Focus on the Family

Strengthening Marital Commitment

Marriage requires the same kind of thoughtful planning and deliberate investment that we give to our physical health and financial portfolios.

by Mitch Temple

Marriage requires the same kind of thoughtful attention, planning and deliberate investment that we give to our physical health and financial portfolios.

Considering Your Level of Commitment

A good way to start taking inventory of your marriage, assessing its strengths and weaknesses, is to consider your level of commitment.

Ask yourself the following:

The Three Levels of Commitment

Commitment is something many claim to have, yet few seem to understand. It is a concept that has been used, abused and improperly modeled for so long that we've lost sight of what genuine devotion looks like.

Where marriage is concerned, commitment is the decision to continue in the relationship. Dr. Michael P. Johnson, Sociology Professor at Penn State University, views the decision to continue in a relationship as a function of three different experiences, or levels, of commitment — personal, moral and structural. These three types of commitment can be described as follows:

  1. Personal Commitment, a.k.a. "I Want To." If you have a high level of personal commitment to your marriage, you may find yourself saying or thinking, "I want to continue in my marriage. I take pleasure in being married. I enjoy being committed to my spouse."
  2. Moral Commitment, a.k.a. "I Ought To." Those with a high level of moral commitment might say, "I believe staying in my marriage is the right thing to do. I'll stick it out because of my values and beliefs. I made a commitment before God and I should keep my word."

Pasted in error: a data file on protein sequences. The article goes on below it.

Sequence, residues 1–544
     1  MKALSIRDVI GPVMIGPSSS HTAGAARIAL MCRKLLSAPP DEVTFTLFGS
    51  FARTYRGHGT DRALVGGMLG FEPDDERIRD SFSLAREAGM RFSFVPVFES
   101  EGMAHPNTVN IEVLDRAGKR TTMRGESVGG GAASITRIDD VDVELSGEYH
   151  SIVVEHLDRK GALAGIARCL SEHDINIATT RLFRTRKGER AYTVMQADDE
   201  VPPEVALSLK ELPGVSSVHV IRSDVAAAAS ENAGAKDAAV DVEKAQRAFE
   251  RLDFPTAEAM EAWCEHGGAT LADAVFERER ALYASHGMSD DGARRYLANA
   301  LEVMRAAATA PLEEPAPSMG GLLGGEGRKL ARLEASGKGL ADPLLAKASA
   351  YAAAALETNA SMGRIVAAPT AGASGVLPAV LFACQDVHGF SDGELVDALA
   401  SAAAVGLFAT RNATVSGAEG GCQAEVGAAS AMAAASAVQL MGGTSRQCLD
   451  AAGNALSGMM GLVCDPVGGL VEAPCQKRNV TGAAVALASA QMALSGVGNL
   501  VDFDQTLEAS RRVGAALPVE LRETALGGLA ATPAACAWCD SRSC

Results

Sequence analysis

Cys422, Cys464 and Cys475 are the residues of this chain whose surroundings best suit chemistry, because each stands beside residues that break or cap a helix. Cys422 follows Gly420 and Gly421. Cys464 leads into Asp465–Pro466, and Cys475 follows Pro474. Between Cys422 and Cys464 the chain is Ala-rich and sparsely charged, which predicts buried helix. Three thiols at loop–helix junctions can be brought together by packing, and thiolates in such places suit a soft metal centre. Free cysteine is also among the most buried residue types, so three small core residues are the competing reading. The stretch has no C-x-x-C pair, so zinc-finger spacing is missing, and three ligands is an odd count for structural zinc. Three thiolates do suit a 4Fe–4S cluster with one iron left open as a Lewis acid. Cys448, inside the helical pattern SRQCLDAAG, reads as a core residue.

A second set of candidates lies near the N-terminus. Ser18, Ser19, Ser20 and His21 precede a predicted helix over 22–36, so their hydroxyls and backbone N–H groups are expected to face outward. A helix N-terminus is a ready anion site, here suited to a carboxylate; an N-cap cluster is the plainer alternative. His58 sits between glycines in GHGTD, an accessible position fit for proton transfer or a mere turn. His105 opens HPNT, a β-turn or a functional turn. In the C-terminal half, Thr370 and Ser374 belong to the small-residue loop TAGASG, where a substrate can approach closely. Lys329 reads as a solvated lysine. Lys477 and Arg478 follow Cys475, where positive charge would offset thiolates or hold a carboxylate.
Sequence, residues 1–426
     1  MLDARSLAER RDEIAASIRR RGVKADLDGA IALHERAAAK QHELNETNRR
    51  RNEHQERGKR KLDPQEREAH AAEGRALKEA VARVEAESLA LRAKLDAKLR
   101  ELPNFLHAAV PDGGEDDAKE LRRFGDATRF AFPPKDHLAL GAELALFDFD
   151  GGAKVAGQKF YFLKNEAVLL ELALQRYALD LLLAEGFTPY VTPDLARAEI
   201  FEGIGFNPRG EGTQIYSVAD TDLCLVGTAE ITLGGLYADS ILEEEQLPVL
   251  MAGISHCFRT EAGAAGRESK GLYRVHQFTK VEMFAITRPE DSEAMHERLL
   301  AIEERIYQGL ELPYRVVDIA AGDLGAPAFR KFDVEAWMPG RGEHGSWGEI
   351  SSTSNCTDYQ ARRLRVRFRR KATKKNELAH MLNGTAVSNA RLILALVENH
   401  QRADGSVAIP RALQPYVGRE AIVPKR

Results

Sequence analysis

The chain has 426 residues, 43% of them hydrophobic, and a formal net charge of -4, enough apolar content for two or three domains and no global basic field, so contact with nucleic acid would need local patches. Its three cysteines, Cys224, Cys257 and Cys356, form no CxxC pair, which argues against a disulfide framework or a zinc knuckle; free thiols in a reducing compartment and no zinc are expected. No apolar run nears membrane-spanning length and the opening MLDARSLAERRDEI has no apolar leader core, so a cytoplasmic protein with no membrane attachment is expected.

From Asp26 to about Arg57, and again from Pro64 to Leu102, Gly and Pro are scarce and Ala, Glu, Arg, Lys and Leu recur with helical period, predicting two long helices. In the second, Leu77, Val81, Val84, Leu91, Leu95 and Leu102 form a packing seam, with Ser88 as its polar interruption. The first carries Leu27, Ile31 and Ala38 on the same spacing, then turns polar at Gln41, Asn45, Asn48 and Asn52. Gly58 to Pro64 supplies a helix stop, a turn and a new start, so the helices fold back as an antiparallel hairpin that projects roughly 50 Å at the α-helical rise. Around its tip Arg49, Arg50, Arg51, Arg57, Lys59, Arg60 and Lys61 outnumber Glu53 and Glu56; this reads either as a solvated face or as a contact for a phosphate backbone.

3. Structural Commitment, a.k.a. "I Have To." If you have a high level of structural commitment, the following statements may apply to you: "External constraints are keeping me in my marriage. I have to stay married. I can't afford the negative consequences of divorce on my finances, my social relationships and the way others might perceive me. Divorce would also be detrimental for my children."

Although one facet of commitment may sound "better" or more virtuous than another, our relationships benefit from having all three. The active presence of multiple facets, or layers, of commitment makes one's marital resolve stronger than if only one facet were present. Consider the words of Ecclesiastes 4:12 in this light: "A threefold cord is not quickly broken" (NKJV).

Strengthening Your Level of Commitment

Another important aspect of commitment is that it must be made, or re-made, on an ongoing basis. There's more to it than just saying you're committed to your marriage or simply "feeling good" about your relationship. Commitment must be played out in your actions. Instead of allowing yourself to drift away from your spouse, make a deliberate move toward closer relationship. Strengthen and nourish your marital commitment.

Here are some ideas to get you started:

If you're struggling in the area of commitment or you're unsure how to begin strengthening the level of commitment in your marriage, try the following:

Don't just wish you or your spouse were more committed to your marriage; take action today to make it happen!